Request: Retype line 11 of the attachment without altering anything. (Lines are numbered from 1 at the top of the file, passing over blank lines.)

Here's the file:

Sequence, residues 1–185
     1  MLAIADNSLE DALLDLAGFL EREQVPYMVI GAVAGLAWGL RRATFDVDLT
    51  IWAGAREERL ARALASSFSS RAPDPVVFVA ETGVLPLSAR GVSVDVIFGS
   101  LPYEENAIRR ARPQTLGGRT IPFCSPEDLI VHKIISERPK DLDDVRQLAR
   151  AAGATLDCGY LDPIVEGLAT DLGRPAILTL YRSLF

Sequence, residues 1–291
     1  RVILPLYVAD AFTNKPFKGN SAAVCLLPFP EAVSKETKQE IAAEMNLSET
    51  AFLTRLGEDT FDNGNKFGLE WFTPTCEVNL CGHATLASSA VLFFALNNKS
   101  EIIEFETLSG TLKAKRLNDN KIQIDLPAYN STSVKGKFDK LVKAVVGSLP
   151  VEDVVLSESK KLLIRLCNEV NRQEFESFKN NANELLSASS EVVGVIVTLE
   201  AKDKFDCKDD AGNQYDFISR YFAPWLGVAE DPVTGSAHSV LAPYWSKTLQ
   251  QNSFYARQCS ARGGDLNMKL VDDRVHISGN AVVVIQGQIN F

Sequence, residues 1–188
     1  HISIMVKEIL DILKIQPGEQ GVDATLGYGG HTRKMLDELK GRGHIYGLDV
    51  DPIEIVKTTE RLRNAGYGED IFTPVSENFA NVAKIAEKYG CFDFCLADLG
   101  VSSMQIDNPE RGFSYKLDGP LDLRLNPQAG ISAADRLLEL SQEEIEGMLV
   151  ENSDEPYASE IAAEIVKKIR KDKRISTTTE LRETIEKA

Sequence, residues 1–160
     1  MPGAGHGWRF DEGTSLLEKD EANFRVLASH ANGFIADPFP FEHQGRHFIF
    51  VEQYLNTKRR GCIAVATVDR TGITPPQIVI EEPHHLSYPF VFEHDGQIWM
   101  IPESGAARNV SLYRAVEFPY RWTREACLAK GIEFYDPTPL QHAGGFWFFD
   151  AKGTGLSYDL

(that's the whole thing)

   201  AKDKFDCKDD AGNQYDFISR YFAPWLGVAE DPVTGSAHSV LAPYWSKTLQ